Although I've forgotten the proof (and cannot find it in, say, Carroll's book), the following formula holds for the covariant divergence in general relativity:

$$\nabla_{\mu} A^{\mu} = \frac{1}{\sqrt{|g|}} \partial_{\mu} \left( \sqrt{|g|} A^{\mu}\right),$$

where $g = \det(g_{\alpha\beta})$. I was wondering if this formula holds if $A^{\mu}$ is replaced with a general rank $(n,m)$ tensor

$$T^{\mu \mu_1\mu_2 \cdots \mu_{n-1}}_{\,\,\,\,\,\,\,\,\,\,\,\,\,\,\,\,\,\,\,\nu_1\cdots \nu_m}?$$

If not, could you point me to any references that have divergence formulas for higher rank tensors?

  • 1
    $\begingroup$ It does not. It holds when $A^\mu$ is replaced with a general $p$-form (which is a totally antisymmetric $(p,0)$ tensor. $\endgroup$ – Prahar Mitra Oct 1 '18 at 14:40

No, this does not hold in general for higher-rank tensors. The general equation for the divergence of a completely contravariant tensor in terms of a coordinate derivative operator $\partial_\mu$ is $$ \nabla_\mu T^{\mu \nu_1 \dots \nu_n} = \partial_\mu T^{\mu \nu_1 \dots \nu_n} + \Gamma^\mu {}_{\mu \rho} T^{\rho \nu_1 \dots \nu_n} + \sum_{i = 1}^n \Gamma^{\nu_i} {}_{\mu \rho} T^{\mu \nu_1 \dots \rho \dots \nu_n}. $$ We also have the fact that $$ \Gamma^\mu {}_{\mu \rho} = \frac{1}{\sqrt{|g|}} \partial_\mu \sqrt{|g|}. $$ Thus, $$ \nabla_\mu T^{\mu \nu_1 \dots \nu_n} = \frac{1}{\sqrt{|g|}} \partial_\mu \left( \sqrt{|g|} T^{\mu \nu_1 \dots \nu_n} \right) + \sum_{i = 1}^n \Gamma^{\nu_i} {}_{\mu \rho} T^{\mu \nu_1 \dots \rho \dots \nu_n}. $$ This last sum will not vanish for a general tensor. However, some or all of the terms may vanish for tensors with a particular symmetry structure. In particular, if $T^{\mu \nu_1 \dots \nu_n}$ is antisymmetric in all of its indices, then any contraction of two of its indices with the symmetric indices of the Christoffel symbols automatically vanishes; and thus the entire sum goes away.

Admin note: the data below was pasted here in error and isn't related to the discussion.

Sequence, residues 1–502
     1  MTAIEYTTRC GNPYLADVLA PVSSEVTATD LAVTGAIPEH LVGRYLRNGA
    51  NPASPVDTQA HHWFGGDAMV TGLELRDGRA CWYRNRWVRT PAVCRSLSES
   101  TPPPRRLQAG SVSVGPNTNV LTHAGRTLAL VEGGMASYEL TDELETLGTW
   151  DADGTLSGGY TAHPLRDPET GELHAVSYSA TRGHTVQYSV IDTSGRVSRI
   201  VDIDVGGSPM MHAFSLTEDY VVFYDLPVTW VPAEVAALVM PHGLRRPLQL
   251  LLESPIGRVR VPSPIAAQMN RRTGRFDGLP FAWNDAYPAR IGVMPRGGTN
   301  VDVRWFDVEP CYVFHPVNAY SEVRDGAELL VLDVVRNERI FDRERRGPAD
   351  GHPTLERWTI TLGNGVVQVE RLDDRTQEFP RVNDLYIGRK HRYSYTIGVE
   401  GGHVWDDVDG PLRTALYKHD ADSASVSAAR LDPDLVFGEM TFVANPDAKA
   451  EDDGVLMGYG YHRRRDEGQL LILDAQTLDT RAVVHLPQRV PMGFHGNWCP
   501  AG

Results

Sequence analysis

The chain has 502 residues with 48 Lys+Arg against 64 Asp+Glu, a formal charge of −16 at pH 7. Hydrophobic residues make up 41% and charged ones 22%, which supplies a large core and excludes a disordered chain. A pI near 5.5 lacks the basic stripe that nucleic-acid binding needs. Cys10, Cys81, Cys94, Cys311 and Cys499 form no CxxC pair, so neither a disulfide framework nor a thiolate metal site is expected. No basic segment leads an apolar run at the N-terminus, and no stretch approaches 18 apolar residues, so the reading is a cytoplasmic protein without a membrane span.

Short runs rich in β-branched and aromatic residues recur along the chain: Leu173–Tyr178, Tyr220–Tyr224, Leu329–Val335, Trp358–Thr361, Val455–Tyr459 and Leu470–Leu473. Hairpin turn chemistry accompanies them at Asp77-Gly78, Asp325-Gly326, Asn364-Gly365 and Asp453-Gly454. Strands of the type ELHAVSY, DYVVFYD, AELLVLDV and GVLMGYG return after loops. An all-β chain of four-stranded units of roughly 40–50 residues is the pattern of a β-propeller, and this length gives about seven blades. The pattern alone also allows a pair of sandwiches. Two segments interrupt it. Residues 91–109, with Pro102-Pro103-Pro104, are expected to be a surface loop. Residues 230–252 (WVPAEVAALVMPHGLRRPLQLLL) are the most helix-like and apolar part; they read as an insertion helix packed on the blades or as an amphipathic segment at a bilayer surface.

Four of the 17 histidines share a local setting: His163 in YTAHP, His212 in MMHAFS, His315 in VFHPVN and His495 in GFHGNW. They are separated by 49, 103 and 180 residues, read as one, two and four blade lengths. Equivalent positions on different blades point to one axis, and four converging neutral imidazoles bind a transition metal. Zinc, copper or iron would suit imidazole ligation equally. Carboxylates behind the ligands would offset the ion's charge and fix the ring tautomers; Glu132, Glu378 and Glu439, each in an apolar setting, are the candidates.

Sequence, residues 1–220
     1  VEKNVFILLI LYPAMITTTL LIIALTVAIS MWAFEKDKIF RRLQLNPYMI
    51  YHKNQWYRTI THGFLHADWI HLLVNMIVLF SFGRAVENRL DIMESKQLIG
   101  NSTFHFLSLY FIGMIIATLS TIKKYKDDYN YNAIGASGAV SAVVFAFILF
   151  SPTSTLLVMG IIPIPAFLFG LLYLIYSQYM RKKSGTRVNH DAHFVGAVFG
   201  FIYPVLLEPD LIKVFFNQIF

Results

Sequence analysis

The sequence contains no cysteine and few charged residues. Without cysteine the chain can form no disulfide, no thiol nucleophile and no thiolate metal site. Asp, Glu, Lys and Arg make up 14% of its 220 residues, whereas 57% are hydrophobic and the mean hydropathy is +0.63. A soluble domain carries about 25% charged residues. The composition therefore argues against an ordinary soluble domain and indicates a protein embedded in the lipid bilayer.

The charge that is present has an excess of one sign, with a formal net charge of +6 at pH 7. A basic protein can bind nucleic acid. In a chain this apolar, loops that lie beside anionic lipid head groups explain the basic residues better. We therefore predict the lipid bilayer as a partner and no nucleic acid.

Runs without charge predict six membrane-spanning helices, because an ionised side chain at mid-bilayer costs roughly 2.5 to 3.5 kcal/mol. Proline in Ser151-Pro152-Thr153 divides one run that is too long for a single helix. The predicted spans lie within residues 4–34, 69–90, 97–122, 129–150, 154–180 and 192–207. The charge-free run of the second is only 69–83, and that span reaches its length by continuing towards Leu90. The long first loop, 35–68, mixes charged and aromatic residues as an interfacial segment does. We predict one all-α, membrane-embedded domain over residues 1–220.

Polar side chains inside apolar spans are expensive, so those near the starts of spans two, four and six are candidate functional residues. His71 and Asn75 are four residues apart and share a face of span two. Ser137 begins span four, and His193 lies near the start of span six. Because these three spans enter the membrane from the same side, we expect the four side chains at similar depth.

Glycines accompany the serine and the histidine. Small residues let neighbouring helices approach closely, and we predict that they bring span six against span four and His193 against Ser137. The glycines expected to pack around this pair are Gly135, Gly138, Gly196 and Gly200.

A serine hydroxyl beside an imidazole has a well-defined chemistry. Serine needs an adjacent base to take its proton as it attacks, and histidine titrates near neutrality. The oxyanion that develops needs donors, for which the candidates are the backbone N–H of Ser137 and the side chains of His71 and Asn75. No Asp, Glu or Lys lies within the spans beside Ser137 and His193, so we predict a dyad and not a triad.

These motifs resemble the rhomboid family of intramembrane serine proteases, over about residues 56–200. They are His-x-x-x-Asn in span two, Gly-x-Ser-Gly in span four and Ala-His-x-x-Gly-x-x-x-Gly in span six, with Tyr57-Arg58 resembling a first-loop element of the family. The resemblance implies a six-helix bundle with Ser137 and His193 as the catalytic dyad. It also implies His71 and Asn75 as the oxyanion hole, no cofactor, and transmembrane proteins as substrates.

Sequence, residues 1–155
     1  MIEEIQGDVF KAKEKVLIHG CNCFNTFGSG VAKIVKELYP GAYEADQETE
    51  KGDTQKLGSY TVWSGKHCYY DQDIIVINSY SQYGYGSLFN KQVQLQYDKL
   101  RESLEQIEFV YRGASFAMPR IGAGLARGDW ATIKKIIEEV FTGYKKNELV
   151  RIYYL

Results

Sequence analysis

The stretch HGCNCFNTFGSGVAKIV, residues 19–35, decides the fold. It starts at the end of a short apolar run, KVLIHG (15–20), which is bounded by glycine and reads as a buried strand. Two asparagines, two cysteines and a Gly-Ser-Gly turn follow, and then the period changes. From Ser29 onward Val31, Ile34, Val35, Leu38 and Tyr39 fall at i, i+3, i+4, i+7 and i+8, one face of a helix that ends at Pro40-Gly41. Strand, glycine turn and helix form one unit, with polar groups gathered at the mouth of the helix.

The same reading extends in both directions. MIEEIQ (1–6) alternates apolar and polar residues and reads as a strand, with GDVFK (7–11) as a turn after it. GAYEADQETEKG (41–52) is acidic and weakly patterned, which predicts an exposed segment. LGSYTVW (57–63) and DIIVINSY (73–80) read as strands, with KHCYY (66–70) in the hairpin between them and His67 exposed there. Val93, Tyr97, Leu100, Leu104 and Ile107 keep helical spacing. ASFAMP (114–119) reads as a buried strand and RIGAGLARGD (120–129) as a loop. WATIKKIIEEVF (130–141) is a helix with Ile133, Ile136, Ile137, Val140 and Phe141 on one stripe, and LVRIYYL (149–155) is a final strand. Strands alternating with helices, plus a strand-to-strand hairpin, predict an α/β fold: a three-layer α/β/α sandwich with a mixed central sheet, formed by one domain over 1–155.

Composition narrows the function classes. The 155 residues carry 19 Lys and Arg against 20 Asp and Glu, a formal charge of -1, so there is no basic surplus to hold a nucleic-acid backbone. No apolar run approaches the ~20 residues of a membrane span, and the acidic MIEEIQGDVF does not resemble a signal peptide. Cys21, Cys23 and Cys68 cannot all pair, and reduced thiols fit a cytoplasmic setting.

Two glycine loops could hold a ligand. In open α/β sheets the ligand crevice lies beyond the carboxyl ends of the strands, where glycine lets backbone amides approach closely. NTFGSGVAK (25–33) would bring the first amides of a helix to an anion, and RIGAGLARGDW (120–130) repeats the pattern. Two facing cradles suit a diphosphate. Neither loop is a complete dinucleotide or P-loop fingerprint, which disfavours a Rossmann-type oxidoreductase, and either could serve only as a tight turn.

For references as to how to take the covariant derivative of a general tensor, see Chapter 5 of Schutz's A First Course in General Relativity for a coordinate-based approach, or Chapter 3 of Wald's General Relativity for a more general approach.

  • $\begingroup$ I believe that for general Christoffel symbols and non-zero $T$, total antisymmetry is the only case where the extra sum vanishes. $\endgroup$ – Void Oct 1 '18 at 15:06

Your Answer

By clicking “Post Your Answer”, you agree to our terms of service, privacy policy and cookie policy

Not the answer you're looking for? Browse other questions tagged or ask your own question.